• Labels: In addition to the name of the spice blend, you can also write the date you made it. If you notice six months have gone by, you might want to think about making a fresh batch.

Herbs Versus Spices

Most spices are dried seeds, roots or flower buds, or in the case of chiles, dried fruits. And unless the blend calls specifically for whole spices, assume they need to be ground. Thus when you see cumin powder on the list of ingredients, you need to start with whole cumin seed and grind it yourself. Same with things like coriander, fennel and black pepper (technically a dried flower bud, not a seed).

Other ingredients include garlic powder and onion powder, which are garlic and onion respectively, that are dried and then ground into powder. You don't need to grind these, but rather use them straight from the container. 

Using Dried Herbs

With certain exceptions (like bay leaf, for instance), bulk dried herbs will already be ground or crumbled up. That's as much to do with gravity as anything else. If you want to dry your own fresh herbs (and if you grow them in your garden) and then spin them in your coffeemaker, that's great. But you don't have to. The return on all that effort isn't worth the quality improvement over store-bought herbs.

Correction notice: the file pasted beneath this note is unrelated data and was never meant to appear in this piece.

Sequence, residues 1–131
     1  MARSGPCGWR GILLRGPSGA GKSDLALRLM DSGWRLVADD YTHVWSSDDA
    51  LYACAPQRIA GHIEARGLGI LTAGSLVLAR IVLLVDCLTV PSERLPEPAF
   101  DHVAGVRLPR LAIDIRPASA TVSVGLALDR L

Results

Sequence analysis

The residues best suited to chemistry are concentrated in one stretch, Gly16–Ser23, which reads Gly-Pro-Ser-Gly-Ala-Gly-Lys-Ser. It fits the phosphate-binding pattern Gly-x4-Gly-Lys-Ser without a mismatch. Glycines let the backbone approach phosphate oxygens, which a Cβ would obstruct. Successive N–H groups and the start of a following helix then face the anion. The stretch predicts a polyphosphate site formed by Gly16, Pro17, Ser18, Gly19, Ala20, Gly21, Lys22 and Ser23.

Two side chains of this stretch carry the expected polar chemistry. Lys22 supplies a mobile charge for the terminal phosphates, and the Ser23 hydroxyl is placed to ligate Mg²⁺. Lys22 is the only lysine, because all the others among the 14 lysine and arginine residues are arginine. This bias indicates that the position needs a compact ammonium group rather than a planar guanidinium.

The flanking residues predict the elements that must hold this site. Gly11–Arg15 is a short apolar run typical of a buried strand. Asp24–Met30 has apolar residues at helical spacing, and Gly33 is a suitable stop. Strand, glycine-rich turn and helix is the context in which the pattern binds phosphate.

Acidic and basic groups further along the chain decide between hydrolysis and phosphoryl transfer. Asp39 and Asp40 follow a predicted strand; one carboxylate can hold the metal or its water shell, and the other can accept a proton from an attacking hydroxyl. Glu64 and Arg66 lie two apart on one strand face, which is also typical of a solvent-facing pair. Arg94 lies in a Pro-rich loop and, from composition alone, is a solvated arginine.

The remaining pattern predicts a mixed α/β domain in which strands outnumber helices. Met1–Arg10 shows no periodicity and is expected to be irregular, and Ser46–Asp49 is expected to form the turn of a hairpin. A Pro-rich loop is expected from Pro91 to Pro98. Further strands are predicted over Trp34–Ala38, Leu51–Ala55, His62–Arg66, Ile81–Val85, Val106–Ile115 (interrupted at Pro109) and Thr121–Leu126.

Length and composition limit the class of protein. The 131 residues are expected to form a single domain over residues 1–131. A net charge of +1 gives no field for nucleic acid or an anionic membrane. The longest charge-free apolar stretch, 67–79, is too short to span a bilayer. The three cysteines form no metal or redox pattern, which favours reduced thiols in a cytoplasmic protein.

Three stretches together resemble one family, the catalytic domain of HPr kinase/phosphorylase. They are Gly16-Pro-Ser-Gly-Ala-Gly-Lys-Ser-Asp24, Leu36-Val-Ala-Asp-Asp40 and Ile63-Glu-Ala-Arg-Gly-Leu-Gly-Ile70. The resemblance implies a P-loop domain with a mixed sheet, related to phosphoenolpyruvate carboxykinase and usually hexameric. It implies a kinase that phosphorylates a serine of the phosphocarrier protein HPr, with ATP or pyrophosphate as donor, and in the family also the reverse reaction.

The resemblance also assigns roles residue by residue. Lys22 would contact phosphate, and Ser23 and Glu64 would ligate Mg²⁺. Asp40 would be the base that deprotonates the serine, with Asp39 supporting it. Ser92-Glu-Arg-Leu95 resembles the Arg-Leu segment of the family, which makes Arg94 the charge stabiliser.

• 01 of 07

    Chili Powder Mix

    Homemade chili powder seasoning
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    You can (and should) adjust the cayenne pepper to taste. Stir in half of the amount below, taste it and then add the rest a little at a time, tasting after each addition before adding more.

    • 3 tbsp. ground cumin
    • 2 tbsp. garlic powder
    • 1 tbsp. cayenne pepper
    • 1 tbsp. paprika
    • 1 tbsp. ground oregano

    Makes about 1/2 cup.

  • 02 of 07

    Taco Seasoning Mix

    Homemade tacos made with homemade taco seasoning blend
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    Use three tablespoons of this taco seasoning per pound of ground beef. The cayenne pepper is optional.

    • 3 tbsp. chili powder
    • 2 tbsp. ground cumin
    • 2 tbsp. paprika
    • 1 tbsp. plus 1 tsp. onion powder
    • 1 tbsp. plus 1 tsp. garlic powder
    • 1/2 tsp. oregano
    • 1/4 tsp. cayenne pepper (optional)

    Makes about 2/3 cup.

  • 03 of 07

    Pumpkin Spice Seasoning

    Pumpkin spice latte with homemade seasoning blend